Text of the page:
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Brian Barnes, a nine-time winner on the European Tour and a veteran of six Ryder Cups, has passed away after a short illness. He was 74.
Famous for having beaten Jack Nicklaus twice in one day during the 1975 Ryder Cup, Surrey-born Barnes represented England at international level until 1971 when he joined the Scottish PGA.
Taught to play by his father, who was Secretary at Burnham & Berrow Golf Club, he turned professional in 1964 shortly after winning the British Youths Open Amateur Championship.
He subsequently became one of the leading lights of European golfers throughout the 1970s, finishing no worse than eighth on the Order of Merit between 1972 and 1981. The first of his nine victories came in the 1972 Martini International at Abridge Golf Club, making him the first Scot to win on the European Tour.
However, it was in the Ryder Cup that he really made his name. He played in six consecutive matches between 1969 and 1979, amassing a 10–14–1 win-loss-tie record.
Two of those wins came on the same day in 1975 against Jack Nicklaus.
Nicklaus arrived at Laurel Valley playing what he called “the best golf of my life”. He had won his fifth Masters earlier that year and his fourth US PGA Championship in the August.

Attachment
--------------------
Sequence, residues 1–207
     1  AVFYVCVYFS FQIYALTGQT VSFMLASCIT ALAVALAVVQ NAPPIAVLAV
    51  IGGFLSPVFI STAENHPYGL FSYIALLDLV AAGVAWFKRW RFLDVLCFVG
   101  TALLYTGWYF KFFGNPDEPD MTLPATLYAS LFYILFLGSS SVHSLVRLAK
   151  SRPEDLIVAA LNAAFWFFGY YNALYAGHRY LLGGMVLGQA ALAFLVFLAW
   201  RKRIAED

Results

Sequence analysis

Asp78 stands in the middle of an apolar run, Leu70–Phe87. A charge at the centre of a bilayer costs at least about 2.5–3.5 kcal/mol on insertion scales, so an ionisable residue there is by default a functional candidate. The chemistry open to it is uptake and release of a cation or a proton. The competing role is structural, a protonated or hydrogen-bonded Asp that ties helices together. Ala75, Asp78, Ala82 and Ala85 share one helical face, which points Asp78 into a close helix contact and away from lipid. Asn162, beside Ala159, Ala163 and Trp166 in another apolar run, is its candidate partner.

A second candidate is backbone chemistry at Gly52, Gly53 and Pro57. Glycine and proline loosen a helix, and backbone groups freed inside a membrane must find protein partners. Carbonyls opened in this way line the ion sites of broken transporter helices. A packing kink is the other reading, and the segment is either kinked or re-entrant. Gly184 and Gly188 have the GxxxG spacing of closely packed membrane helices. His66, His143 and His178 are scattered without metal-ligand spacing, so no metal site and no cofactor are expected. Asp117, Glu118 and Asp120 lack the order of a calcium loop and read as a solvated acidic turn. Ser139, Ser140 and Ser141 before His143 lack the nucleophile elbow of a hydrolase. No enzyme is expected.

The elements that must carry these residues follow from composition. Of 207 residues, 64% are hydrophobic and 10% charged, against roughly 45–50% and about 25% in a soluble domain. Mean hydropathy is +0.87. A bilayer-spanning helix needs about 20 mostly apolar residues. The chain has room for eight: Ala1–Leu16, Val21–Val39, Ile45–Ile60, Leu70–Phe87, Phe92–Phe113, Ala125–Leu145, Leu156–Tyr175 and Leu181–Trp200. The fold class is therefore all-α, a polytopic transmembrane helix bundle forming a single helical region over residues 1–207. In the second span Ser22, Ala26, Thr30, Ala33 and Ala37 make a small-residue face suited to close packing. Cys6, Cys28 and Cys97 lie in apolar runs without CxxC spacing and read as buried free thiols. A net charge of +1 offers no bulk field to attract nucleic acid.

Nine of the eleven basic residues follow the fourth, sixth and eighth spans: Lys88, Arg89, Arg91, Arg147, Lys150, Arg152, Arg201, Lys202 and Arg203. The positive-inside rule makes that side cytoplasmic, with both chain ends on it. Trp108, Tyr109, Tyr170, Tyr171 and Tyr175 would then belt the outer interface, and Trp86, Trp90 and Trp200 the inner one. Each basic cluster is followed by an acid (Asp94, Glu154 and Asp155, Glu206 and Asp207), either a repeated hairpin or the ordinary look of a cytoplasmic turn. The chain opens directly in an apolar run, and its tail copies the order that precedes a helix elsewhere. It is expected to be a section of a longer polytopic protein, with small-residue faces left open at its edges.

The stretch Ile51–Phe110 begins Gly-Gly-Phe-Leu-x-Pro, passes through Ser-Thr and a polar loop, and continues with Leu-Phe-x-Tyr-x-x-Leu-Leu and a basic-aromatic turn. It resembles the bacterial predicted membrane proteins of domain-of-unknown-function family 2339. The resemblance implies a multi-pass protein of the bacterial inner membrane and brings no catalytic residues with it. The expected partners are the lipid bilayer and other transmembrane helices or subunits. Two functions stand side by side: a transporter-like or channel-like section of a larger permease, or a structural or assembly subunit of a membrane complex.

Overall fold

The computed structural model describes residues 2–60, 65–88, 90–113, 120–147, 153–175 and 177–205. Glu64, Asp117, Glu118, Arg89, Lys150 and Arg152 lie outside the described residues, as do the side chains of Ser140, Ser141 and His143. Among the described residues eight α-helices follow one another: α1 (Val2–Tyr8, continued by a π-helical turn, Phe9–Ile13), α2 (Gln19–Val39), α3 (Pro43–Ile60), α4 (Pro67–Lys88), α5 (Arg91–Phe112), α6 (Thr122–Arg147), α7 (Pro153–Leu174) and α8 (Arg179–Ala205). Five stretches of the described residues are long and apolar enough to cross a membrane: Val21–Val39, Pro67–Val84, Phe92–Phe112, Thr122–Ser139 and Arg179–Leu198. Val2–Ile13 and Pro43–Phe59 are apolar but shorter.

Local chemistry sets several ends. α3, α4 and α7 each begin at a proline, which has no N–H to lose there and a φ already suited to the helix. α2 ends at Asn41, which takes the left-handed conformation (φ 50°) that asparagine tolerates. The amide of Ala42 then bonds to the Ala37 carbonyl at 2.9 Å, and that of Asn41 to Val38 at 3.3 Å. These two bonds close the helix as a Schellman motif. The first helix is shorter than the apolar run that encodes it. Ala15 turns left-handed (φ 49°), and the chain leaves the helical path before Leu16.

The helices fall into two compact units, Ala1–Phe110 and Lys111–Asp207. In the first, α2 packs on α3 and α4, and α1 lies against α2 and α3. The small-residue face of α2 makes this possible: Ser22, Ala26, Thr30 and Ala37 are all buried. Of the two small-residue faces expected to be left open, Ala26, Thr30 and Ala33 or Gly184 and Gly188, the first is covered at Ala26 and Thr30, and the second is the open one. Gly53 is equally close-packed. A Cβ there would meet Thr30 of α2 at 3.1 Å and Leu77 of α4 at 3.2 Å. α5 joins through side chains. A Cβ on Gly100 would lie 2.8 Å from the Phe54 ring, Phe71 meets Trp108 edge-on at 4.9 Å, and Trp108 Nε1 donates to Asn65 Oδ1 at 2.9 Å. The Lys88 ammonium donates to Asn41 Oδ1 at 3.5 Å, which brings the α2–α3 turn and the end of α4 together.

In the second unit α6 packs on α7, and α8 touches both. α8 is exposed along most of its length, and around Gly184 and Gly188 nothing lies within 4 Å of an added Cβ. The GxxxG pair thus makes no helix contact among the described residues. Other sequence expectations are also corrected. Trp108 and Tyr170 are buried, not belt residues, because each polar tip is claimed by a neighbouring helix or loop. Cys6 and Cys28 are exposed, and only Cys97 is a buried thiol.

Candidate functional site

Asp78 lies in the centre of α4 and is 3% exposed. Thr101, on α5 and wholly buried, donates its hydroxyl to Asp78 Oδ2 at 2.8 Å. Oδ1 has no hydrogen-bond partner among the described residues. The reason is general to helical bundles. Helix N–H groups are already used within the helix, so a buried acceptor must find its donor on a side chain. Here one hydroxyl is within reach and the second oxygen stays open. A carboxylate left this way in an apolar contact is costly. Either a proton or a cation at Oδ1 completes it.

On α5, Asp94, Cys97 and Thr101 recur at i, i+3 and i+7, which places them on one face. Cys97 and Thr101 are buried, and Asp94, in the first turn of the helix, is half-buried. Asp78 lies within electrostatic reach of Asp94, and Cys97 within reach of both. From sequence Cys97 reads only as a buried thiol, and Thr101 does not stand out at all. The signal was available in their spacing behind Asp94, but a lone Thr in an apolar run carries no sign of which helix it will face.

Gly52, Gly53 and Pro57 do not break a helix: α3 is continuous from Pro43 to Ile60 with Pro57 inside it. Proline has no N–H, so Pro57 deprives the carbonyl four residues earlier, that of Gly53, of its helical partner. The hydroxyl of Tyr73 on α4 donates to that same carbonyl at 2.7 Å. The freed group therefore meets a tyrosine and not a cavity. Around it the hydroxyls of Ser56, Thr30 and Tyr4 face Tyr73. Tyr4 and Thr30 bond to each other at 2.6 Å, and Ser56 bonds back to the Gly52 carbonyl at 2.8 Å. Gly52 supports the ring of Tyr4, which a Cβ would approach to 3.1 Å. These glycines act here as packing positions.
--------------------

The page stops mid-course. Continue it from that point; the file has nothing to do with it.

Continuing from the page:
However, he was no match for Barnes in their morning singles match on the final day, going down 4&3.
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Furious at having lost, Nicklaus reportedly demanded: “Give me that Barnes again.”
On the first tee in the afternoon, he told Barnes, “You’ve beaten me
once, but there’s no way you’re going to beat me again.” Barnes
ultimately proved him wrong, winning 2&1.
Later, Barnes would say: “I’m not trying to be blasé about it, but it
was matchplay and I can get round a course, you know. So what’s so
special? Mind you, Jack was pissed off,”
In 1995, he became eligible for seniors’ golf and won the Senior British Open that year. Twelve months later, he
became the first man to successfully defend the title. He went on to
play on the Champions Tour in the US before arthritis forced him to
retire prematurely in 2000.
A larger than life figure, he was the son-in-law of former Open champion Max Faulkner.
His death comes just weeks after the passing of another Ryder Cup star, Gordon Brand Jnr.
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